Hellraiser: Revelations is a film made to retain the rights to the franchise. Apparently it was shot in three weeks and released in cinemas just for the crew so that it counted as a theatrical release.

    And yes, SP aside I love all Bond films. I don't critique them in the same way I do other films. They sort of stand aside on their own.

    Spectre aside, though? Well, whatever.

    Yes, I hate the film.

    Yes, and it’s one thing to compare it to other Bond films, which is fair, but to compare it to properly bad films outside of the franchise? Insane.
  • Posts: 12,849
    Dragonpol wrote: »
    Ludovico wrote: »
    Dragonpol wrote: »
    Ludovico wrote: »
    Dragonpol wrote: »
    DaltonFan wrote: »
    @Dragonpol: Fun fact: His father was also a Bond fan until Die Another Day because for some nutty reason he got upset that the bad guys were North Korean.

    Yes, I've read that the film didn't go down well in North Korea. I suppose that's an understandable reaction from a Communist dictatorship heavily reliant on censorship though.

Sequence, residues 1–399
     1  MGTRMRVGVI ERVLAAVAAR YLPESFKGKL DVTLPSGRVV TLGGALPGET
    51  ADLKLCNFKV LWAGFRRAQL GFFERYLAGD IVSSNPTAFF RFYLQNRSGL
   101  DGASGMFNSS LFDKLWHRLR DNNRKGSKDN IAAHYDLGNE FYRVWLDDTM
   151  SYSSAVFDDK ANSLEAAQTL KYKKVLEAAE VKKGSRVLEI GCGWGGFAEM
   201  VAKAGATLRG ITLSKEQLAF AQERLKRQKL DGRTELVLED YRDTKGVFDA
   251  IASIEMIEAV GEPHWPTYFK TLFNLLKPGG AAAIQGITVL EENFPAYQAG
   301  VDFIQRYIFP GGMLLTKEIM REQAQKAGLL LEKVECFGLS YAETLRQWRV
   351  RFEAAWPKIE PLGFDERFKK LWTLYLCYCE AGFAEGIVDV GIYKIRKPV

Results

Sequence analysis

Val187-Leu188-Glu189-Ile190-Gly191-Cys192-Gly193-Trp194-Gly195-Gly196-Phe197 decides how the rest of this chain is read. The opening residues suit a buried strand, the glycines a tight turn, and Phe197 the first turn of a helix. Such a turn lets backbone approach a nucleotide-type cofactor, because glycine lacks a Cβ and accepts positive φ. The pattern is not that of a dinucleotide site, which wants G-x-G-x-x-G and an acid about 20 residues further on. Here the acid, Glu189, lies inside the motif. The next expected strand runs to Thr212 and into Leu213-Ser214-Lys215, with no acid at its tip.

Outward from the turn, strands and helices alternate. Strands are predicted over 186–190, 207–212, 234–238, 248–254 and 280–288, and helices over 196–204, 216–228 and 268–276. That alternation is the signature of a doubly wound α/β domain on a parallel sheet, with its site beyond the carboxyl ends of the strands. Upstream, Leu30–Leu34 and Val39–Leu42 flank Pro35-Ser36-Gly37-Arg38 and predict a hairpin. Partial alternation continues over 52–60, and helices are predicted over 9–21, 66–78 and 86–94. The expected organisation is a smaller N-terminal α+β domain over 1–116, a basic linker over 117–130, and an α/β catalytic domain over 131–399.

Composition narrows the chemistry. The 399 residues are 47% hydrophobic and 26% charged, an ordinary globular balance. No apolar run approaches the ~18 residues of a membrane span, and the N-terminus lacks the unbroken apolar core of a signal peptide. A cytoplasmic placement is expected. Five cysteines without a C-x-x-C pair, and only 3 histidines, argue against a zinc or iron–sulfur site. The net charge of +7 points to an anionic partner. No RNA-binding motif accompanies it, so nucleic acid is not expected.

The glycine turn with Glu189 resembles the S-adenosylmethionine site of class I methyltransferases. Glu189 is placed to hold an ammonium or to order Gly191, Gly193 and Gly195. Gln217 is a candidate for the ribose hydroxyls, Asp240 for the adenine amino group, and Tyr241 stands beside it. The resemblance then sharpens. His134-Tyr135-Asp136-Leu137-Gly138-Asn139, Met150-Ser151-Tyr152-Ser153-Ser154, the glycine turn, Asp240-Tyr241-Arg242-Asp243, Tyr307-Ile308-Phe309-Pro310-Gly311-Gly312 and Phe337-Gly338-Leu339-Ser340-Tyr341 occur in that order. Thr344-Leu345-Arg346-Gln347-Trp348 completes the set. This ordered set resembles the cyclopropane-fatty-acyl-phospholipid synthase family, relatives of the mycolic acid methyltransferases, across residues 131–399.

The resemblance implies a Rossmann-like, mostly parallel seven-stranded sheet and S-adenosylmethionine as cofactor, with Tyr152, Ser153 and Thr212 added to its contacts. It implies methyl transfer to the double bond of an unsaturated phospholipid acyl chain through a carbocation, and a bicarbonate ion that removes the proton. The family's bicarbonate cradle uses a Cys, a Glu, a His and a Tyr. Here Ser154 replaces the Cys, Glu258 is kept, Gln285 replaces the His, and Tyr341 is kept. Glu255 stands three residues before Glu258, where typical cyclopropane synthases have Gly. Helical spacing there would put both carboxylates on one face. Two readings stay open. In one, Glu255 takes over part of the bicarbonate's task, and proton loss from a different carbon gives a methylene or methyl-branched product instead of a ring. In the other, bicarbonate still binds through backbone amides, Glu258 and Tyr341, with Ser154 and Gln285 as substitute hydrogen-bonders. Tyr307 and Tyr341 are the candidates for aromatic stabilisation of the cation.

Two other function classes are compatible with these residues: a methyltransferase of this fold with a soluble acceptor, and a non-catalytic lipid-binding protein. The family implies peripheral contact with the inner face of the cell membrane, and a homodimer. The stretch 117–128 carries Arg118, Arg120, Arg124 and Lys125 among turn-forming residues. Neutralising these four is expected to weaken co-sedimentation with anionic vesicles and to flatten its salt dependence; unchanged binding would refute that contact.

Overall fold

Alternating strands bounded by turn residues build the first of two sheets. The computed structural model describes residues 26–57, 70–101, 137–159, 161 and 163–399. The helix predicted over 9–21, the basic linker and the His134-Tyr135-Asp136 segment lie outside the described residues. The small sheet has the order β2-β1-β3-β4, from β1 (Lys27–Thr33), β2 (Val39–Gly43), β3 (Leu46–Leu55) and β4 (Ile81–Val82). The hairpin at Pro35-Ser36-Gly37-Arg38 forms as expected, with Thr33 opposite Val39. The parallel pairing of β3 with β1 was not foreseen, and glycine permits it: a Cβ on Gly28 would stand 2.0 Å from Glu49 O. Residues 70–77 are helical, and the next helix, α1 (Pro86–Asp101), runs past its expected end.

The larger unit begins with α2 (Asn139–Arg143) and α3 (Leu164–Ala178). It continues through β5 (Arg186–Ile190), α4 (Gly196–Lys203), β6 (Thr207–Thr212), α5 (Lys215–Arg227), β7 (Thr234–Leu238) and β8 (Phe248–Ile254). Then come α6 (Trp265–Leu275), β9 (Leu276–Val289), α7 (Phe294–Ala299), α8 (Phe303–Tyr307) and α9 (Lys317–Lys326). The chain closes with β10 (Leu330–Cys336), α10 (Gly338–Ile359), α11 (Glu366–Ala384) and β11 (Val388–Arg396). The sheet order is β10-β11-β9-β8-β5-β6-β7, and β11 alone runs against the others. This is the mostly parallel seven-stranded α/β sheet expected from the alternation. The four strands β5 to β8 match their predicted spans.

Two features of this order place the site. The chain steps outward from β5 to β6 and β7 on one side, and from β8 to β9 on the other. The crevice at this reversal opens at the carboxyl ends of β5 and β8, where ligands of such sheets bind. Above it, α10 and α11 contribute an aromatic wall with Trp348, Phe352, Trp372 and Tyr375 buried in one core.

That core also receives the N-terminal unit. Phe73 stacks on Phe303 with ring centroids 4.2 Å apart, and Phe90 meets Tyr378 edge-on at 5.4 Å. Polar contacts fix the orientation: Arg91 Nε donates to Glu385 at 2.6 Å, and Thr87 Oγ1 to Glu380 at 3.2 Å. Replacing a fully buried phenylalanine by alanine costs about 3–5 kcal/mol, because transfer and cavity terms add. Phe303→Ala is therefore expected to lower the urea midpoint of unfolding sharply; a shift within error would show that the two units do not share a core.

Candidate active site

I've also read that the current North Korean leader's father, Kim Jong-il, learned to speak English from watching Star Trek episodes. Oh, and Klingon as well. ;)

    My bet is thar he was also insulted to have the Bond villain be a petulant child.

    Maybe it hit a little too close to home?

    I just wished the film hadn't been that bad.

    Me too. It's my least favourite film in the series. Instead of focusing on one or two specific areas it tries to be all things to all people and fails miserably.

    The first half is good, though, right? It's only when he goes to Iceland that it falls to pieces. Or do you hate it all?

    In my case I hate it all.